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Gen. Brown to the Secretary of War.
Fort Erie, Sept. 29, 1814. [Extract] SIR-In my letter of the 18th inst. I briefly informed you of the fortunate issue of the sortie which took place the day preceding.
The enemy's camp I had ascertained to be situated in a field surrounded by woods nearly two miles distant from their batteries and entrenchments, the object of which was to keep the parts of the force which was not upon duty, out of the range of our fire from fort Erie and Black Rock. Their infantry was formed into three brigades, estimated at 12 or 15 hundred men each. One of these brigades, with a detail from their artillery, was stationed at their works, (these being about 500 yards distant from old fort Erie, and the right of our line.) We had already suffered much from the fire of two of their batteries, and were aware that a third was about to open upon us. Under these cırcumstances, I resolved to storm the batteries, destroy the cannon, and roughly handle the brigade upon duty, before those in reserve could be brought into action.
On the morning of the 17th, the infantry and riflemen, regulars and militia, were ordered to be paraded and put in readiness to march precisely at 12 o'clock. Gen. Porter with the volunteers, Col. Gibson with the riflemen, and Major Brooks with the 23d and 1st infantry, and a few dragoons acting as infantry, were ordered to move from the extreme left of our position upon the enemy's right, by a passage opened through the woods for the occasion. Gen. Miller was directed to station his command in the ravine which lies between fort Erie and the enemy's batteries, by passing them by detachments through the skirts of the wood-and the 21st infantry under Gen. Ripley was posted as a corps of reserve between the new bastions of fort Erie; all under cover, and out of the view of the enemy.
About 20 minutes before three, P, M, I found the left columns, under the command of Gen. Porter, which were destined to turn the enemy's right, within a few rods of the British entrenchments. They were ordered to advance and commence the action. Passing down the ravine, I judged from the report of musketry, that the action had commenced on our left; I now hastened to Gen. Miller, and directed him to seize the moment and pierce the en
emy's entrenchments between batteries No. 2 and 3. My orders were promptly and ably executed. Within 30 minutes after the first gun was fired, batteries No. 2 and 3, the enemy's line of entrenchments, and his two block houses were in our possession, Soon after balt ry No. 1 was abandoned by the British. The guns in each were spiked by us, or otherwise destroyed, and the magazine of No. 3 was blown up.
A few minutes before the explosion, I had ordered up the reserve under Gen. Ripley. As he passed me at the head of his column, I desired him, as he would be the senior in advance, to ascertain as near as possible, the situation of the troops in general, and to have a care that not more was hazarded than the occasion required; that the object of the sortie effected, the troops would retire in good order, &c. Gen. Ripley passed rapidly on-soon after, E became alarmed for Gen. Miller, and sent an order for the 21st to hasten to his support towards battery No. 1. Col. Upham received the order, and advanced to the aid of Gen. Miller. Gen. Ripley had inclined to the left, where Major Brooks' command was engaged, with a view of making some necessary enquiries of that officer, and in the act of doing so was unfortunately wounded. By this time the object of the sortie was accomplished beyond my most sanguine expectations. Gen. Miller had consequently ordered the troops on the right to fall back-observing this movement, I sent my staff along the line to call in the other corps. Within a few minutes they retired from the ravine, and from thence to camp.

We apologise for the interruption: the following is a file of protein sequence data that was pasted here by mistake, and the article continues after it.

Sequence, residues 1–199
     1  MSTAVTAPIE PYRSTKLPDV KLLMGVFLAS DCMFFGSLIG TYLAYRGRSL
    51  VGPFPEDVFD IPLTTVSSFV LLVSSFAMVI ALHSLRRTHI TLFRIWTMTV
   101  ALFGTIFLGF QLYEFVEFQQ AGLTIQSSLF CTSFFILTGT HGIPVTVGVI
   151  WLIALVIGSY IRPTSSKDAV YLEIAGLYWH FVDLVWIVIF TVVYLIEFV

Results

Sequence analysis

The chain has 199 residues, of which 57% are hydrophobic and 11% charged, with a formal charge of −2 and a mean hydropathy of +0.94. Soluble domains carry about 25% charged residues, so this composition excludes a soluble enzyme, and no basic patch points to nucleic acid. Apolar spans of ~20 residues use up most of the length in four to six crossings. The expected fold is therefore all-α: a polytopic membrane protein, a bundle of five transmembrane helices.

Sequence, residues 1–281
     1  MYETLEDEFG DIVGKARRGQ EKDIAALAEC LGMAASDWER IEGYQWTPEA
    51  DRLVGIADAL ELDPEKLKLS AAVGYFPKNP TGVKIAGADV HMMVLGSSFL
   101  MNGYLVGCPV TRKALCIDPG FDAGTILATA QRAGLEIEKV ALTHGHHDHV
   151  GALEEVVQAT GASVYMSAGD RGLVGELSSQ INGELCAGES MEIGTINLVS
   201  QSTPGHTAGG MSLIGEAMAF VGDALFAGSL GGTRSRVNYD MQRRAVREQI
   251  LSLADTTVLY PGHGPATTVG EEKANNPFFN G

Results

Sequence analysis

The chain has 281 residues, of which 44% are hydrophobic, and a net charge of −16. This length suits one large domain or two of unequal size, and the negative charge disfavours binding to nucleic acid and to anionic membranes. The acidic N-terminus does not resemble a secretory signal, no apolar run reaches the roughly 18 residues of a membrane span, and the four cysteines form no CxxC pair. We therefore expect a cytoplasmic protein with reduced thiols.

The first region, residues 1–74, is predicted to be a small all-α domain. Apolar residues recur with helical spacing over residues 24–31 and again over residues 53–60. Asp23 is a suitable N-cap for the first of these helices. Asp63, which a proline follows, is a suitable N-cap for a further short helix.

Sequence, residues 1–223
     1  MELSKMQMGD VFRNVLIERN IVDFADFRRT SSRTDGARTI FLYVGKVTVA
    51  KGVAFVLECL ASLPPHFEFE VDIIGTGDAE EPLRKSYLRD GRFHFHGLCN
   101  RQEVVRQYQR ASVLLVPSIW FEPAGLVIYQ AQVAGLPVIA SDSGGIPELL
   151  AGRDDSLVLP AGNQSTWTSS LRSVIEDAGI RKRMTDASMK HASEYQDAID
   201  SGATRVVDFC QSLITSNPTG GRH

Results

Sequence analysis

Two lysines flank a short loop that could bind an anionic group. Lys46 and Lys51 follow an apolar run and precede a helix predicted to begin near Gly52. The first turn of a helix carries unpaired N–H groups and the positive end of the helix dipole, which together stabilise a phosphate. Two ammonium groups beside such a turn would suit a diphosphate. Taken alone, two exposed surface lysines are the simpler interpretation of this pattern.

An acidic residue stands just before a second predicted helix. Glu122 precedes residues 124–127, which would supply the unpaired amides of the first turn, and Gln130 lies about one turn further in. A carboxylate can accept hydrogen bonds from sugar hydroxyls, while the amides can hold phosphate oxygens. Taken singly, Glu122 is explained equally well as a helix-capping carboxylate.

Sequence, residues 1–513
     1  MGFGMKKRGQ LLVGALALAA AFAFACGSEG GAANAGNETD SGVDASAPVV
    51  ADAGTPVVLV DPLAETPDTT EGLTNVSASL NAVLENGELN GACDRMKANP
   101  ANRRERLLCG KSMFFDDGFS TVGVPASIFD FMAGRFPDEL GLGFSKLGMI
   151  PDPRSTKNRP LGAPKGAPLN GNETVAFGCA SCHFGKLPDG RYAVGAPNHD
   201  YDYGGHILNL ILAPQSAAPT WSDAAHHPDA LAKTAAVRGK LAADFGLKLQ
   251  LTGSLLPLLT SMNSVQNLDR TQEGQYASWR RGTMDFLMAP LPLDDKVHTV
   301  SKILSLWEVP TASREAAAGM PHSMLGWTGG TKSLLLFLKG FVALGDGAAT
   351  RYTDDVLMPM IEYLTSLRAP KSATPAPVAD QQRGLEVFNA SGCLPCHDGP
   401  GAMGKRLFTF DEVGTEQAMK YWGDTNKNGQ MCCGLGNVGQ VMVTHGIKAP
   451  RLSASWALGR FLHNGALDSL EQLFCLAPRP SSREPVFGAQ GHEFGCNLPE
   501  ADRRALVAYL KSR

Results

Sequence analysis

Thus 1000 regulars, and an equal portion of militia, in one hour of close action, blasted the hopes of the enemy, destroyed the fruits of 50 days labor, and diminished his effective force 1000 men at least.
Lieut. Gen. Drummond broke up his camp during the night of the 21st, and retired to his entrenchments behind the Chippewa. A party of our men came up with the rear of his army at Frenchman's creek; the enemy destroyed part of their stores by setting fire to the buildings from which they were employed in conveying them. Wel found in and about their camp a considerable quantity of cannon ball, and upwards of 100 stand of arms,
I send you enclosed herein a return of our loss. The return of prisoners enclosed does not include the stragglers that came in after the action.